Organisé par Claire Barel-Moisan (CNRS. ENS-Lyon. UMR IHRIM), Delphine Gleizes (Université Lyon 2. UMR IHRIM)
Les XVIIIe et XIXe siècles constituent une période essentielle dans l’histoire des découvertes sur le magnétisme et l’électricité. Elle se caractérise par l’élaboration d’hypothèses scientifiques viables, par la mise en place de procédures expérimentales à même de les étayer et, bien sûr, par le développement des applications techniques et pratiques qui en découlent : éclairage, énergie motrice, progrès dans les transmissions et les transports, etc. Ces découvertes dans le domaine des fluides modifient définitivement le rapport au monde. Par le caractère spectaculaire des expériences menées et des progrès engendrés, l’histoire de ces découvertes s’ancre également dans l’imaginaire contemporain, suscitant une production abondante de textes et d’images. Ce colloque se propose d’analyser la diversité des productions scientifiques, littéraires et médiatiques, dont la circulation témoigne de deux siècles de fascination pour les « merveilles électriques ».
16, 17 et 18 novembre : BU Lyon 1, MILC Lyon 2, et ENS Lyon
BSLS Winter Symposium
The Politics of Literature and Science
Queen’s Building, University of Exeter, NOW, DUE TO DEMAND, ON Saturday, 3 December, 2016
Organiser: Corinna Wagner & James Green (Department of English, Exeter University)
This BSLS Winter Symposium will explore relationships between politics, science, medicine, literature and visual culture. We will take ‘politics’ in both its broadest sense—considering for example, the politics of the body, the politics of scientific institutions, and how scientific and political discourse has shaped imaginative forms of expression (and vice versa). We will also take ‘politics’ in a more specific sense, to address how literary writers and artists actively intervened in specific medico-political debates, or how their novels, poems and plays acted as ‘mediums’ of scientific and political cross-pollination.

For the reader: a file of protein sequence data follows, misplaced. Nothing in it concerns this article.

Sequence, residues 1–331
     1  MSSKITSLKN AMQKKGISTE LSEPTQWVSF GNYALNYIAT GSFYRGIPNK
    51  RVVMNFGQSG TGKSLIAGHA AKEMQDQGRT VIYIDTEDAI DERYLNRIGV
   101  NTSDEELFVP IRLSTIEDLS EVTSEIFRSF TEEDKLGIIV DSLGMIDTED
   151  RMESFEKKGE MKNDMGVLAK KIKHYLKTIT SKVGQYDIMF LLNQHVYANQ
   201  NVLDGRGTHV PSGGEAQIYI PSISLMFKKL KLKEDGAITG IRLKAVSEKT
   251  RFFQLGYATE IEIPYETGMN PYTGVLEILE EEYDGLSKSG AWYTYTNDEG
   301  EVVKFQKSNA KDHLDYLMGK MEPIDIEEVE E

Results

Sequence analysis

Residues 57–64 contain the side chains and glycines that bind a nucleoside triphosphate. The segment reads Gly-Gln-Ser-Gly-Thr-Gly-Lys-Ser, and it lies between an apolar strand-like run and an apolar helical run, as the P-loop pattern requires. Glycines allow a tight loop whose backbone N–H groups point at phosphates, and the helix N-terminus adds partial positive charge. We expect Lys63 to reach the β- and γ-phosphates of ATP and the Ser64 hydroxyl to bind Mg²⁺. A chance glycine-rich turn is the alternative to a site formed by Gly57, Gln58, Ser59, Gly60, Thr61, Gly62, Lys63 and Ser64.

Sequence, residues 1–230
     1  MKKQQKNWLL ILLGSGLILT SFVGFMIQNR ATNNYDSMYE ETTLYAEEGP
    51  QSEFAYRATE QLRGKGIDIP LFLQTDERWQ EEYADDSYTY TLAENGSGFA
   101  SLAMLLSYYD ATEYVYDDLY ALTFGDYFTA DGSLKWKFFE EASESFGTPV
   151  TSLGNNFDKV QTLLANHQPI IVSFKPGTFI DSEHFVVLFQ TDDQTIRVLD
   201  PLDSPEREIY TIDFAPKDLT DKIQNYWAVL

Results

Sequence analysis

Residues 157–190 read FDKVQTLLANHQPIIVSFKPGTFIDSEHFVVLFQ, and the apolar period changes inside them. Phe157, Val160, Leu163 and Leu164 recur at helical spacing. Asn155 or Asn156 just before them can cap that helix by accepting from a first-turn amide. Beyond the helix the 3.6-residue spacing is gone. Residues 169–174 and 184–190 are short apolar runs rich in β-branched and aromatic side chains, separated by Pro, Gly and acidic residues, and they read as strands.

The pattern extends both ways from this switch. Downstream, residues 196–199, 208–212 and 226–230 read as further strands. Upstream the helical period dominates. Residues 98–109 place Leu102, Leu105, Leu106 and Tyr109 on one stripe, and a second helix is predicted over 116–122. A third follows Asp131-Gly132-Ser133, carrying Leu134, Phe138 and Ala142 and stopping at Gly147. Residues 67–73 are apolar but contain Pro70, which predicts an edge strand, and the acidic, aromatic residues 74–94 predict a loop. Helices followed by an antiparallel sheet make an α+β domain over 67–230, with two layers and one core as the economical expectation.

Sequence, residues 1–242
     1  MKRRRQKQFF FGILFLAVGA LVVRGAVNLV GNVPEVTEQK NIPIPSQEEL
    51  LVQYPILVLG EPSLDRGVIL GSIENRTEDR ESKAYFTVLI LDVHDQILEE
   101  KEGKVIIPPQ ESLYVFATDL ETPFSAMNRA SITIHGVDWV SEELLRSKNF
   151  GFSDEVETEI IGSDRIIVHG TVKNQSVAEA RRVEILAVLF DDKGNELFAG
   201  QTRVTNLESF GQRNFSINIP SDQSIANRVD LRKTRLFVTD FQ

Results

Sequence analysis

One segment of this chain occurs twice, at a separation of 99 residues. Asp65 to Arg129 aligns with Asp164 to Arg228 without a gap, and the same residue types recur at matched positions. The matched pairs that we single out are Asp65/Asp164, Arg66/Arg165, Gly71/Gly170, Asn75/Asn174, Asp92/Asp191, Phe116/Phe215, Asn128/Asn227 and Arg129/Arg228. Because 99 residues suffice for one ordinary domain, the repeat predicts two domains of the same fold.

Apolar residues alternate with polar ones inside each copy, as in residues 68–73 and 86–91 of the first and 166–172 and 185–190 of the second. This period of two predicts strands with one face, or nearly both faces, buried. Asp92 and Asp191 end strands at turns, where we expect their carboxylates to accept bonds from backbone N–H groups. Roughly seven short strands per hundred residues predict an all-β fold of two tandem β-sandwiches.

We would also like to invite papers that focus on the current field. What are the politics of researching and teaching in the field of literature and science? Contributors might want to reflect on engagement and collaboration, for example. The BSLS Winter Symposium will provide an opportunity for practitioners—artists, poets and novelists—and academics and theorists to share their methods and findings.
In terms of topics, contributors might consider how literary writers and artists raised and addressed scientific questions about, for instance:
- medical treatments
- the design of medical and scientific institutions
- the collaborative or conflicting goals of scientists and governments
- environmental policies and climate change issues
- urban reform
- social health reform policy
- the uses of statistics and data
- the scientific and political goals of empire
- the application of science to issues of race
- tropical medicine
One of the emphases of this one-day symposium will be the idea of trans-historical and transdisciplinary inheritance and exchange. What historical continuities exist between past and present? How might artists, writers and academics work together on the issues raised here?
Lastly, we particularly invite graduate students to participate in a ‘policy show &tell’: these are 10 minute slots in which each presenter suggests ways their own humanities research could address or attempt to solve a current medical/scientific/health problem.